Hi, I’m Gwen.
I’m Equality Ohio’s new Statewide Civic Engagement Director.
I want to give an important update to you on the Ohio Fairness Act––which was just introduced by Sen. Nickie Antonio––but first, I need to introduce myself, especially if you don’t live in Northeast Ohio.
I’m Equality Ohio’s new Statewide Civic Engagement Director. It’s my job to dream big with you, and together, create opportunities to make change for and with LGBTQ people.
I’ve been working primarily in Northeast Ohio for the last few years as a regional coordinator. My speciality and focus has been on working with local communities to make change. I’m talking about parents who became champions after their child came out. Pastors whose faith calls them to speak out. People with friends and family who disagree with them on LGBTQ issues, but who keep having the conversation over the holidays anyway. People who believe that when two humans connect and really see each other, that something bigger is possible.
Here’s a sample of some of that work over the last few years.
- Youngstown Passes Housing and Employment Protections for People in the LGBT Community, WKSU
- Olmsted Falls passes LGBT rights ordinance, will consider more comprehensive bill, Cleveland.com
- Akron adds LGBT residents to list of protected classes, establish local civil rights commission, Akron Beacon Journal
- Kent City Council unanimously passes nondiscrimination ordinance, Fusion
- South Euclid City Council passes controversial anti-discrimination ordinance, Cleveland.com
- Cuyahoga County Council Passes Ordinance Expanding LGBT Protections, IdeaStream
Working in local municipalities does more than help people who live in that area––it also helps make the case for the Ohio Fairness Act at the state level. Many legislators who were against it or still learning about LGBTQ issues now have a local version in their own districts.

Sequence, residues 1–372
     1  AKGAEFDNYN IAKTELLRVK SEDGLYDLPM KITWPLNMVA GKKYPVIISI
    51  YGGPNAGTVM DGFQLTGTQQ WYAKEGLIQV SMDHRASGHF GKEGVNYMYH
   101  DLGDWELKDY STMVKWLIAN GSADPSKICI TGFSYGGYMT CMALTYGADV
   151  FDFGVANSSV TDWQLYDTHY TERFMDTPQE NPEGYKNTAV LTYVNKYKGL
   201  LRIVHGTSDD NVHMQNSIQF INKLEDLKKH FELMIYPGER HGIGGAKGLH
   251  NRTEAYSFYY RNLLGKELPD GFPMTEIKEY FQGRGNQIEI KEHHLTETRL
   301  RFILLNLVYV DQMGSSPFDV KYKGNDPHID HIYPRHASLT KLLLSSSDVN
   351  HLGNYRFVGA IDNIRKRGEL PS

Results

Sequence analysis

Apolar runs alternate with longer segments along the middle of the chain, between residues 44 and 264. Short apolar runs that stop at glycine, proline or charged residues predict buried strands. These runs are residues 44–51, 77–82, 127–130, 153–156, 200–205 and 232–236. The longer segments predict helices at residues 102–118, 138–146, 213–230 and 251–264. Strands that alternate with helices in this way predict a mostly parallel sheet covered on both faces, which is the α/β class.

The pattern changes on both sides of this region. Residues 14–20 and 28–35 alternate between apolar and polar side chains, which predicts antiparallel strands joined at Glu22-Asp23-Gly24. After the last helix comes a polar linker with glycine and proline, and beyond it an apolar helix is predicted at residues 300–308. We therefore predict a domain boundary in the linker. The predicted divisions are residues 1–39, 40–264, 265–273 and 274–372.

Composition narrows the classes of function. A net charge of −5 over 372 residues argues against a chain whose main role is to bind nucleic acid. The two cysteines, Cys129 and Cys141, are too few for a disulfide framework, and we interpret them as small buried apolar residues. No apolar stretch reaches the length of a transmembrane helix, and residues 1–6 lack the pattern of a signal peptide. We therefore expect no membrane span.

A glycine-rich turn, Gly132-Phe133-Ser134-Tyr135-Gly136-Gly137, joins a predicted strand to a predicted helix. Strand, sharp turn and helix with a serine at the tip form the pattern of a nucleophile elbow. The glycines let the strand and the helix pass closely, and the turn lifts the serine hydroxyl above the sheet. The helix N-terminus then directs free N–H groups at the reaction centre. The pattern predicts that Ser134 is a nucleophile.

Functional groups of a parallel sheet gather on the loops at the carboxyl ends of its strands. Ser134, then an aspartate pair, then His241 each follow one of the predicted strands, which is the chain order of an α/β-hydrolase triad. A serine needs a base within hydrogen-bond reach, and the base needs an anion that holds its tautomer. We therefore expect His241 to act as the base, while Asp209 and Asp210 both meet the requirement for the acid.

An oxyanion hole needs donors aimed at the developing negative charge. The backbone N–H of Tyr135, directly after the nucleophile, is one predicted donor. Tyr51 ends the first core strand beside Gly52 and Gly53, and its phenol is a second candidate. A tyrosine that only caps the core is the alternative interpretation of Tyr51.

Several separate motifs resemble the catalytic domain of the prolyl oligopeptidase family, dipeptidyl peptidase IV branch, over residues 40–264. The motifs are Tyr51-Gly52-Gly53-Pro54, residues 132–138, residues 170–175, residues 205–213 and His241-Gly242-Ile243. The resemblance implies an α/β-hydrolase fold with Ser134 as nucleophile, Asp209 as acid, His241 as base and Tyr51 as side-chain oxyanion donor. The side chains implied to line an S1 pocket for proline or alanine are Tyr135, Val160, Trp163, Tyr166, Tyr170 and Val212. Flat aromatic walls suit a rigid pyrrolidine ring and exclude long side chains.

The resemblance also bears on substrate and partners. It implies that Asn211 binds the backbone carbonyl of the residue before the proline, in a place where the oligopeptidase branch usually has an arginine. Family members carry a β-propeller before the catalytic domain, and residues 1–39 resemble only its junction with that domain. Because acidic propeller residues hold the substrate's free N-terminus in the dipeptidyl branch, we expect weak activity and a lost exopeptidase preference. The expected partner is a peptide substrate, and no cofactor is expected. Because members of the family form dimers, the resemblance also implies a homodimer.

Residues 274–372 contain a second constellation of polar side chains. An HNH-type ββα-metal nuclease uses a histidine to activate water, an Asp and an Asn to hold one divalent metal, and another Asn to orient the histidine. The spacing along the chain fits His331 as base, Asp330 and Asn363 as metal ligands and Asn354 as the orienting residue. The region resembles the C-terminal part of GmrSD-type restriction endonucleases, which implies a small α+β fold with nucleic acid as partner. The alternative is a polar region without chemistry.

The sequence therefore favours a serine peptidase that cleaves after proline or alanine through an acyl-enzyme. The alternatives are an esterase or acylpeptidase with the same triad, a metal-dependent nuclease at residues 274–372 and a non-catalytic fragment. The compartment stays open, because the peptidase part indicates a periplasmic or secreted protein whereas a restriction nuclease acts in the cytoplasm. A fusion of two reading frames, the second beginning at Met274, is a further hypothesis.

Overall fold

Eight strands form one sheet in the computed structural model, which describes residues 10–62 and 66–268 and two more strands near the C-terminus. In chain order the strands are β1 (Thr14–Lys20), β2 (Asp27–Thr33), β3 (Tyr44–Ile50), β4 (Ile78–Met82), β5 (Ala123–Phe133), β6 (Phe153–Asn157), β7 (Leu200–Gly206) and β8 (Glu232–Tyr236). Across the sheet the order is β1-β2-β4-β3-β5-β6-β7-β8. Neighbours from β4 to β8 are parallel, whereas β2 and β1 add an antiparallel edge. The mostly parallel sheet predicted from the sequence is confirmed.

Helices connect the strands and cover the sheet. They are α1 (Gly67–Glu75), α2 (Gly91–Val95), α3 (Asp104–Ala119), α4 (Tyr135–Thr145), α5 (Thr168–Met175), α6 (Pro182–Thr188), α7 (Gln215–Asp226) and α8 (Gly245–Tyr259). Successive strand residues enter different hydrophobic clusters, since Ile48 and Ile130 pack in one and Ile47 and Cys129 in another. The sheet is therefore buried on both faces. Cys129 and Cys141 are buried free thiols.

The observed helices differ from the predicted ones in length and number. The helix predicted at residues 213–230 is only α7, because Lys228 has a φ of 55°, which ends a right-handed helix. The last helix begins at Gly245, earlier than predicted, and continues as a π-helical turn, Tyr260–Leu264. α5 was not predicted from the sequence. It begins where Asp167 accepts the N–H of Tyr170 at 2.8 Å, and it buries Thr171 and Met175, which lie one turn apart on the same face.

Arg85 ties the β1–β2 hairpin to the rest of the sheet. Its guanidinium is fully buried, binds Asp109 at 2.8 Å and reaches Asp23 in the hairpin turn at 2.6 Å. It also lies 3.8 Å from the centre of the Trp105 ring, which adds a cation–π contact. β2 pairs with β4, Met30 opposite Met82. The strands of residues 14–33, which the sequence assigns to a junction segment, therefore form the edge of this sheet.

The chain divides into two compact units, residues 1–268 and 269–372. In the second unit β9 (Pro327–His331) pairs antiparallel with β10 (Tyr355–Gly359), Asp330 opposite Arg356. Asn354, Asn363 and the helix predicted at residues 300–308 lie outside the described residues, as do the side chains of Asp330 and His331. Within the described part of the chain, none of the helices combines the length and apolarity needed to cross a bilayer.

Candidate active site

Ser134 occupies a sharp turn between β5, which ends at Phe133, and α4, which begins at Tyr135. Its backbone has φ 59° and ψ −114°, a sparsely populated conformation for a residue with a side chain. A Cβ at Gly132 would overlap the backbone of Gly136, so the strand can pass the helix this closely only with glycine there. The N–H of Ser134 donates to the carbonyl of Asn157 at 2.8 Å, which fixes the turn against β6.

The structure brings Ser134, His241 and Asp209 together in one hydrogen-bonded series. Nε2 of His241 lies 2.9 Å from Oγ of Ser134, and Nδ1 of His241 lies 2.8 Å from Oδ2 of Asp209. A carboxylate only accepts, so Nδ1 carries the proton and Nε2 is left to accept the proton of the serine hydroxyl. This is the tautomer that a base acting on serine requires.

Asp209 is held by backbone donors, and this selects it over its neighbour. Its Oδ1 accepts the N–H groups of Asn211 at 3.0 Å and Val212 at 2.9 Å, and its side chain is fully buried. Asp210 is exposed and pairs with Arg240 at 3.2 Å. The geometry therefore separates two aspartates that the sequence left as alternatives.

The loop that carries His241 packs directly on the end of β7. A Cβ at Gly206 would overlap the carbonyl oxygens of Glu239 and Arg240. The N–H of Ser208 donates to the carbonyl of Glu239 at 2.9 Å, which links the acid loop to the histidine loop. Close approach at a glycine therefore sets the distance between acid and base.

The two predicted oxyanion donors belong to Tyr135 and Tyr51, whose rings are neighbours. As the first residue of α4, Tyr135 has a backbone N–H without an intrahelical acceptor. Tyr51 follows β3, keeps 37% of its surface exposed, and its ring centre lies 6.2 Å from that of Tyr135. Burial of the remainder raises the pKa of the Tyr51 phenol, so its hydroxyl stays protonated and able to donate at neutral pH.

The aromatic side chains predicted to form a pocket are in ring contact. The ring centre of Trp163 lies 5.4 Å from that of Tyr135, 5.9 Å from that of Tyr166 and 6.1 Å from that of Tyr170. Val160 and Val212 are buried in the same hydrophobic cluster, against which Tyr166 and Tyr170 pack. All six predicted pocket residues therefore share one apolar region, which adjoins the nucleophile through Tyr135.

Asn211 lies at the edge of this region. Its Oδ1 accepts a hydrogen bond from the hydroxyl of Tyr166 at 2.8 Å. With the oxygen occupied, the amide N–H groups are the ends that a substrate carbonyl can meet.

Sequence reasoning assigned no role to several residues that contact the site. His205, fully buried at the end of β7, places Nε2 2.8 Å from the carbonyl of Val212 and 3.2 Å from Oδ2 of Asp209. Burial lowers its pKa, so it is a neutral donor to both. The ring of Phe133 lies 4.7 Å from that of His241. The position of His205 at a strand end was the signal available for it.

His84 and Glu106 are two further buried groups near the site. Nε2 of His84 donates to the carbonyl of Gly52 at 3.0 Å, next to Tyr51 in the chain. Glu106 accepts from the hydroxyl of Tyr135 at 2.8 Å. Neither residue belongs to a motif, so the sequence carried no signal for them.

Here’s your first 2019 update on the Ohio Fairness Act.
The Basics. This should be the same bill as last time. That means it would add LGBTQ people to the laws that make discrimination illegal in Ohio, and it would not affect existing religious exemptions that are already present in Ohio’s law.
What We’re Watching. Being introduced so early in the session means it has strong support––and, it has a Republican co-sponsor.
What To Know. This is a marathon, not a sprint. This legislature is active until December 2020, and that is how long this bill has to pass. We’re here to help make sure it does.
What To Remember. This is not our first push on this. We have significant support––support from the business community (including chambers of commerce from across the state), and a very active community with supporters like you. Last year, we delivered an unprecedented 150+ pieces of testimony on behalf of this bill. Our previous work together has built more momentum for this round.
We’ll let you know at important points in the bill’s life and how we can move forward together.
I look forward to serving with you in my new capacity,
Gwen Stembridge, Statewide Civic Engagement Director, Equality Ohio